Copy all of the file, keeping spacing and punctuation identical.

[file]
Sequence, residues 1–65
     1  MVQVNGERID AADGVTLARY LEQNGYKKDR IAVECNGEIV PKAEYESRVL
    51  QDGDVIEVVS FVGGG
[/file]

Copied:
Sequence, residues 1–65
     1  MVQVNGERID AADGVTLARY LEQNGYKKDR IAVECNGEIV PKAEYESRVL
    51  QDGDVIEVVS FVGGG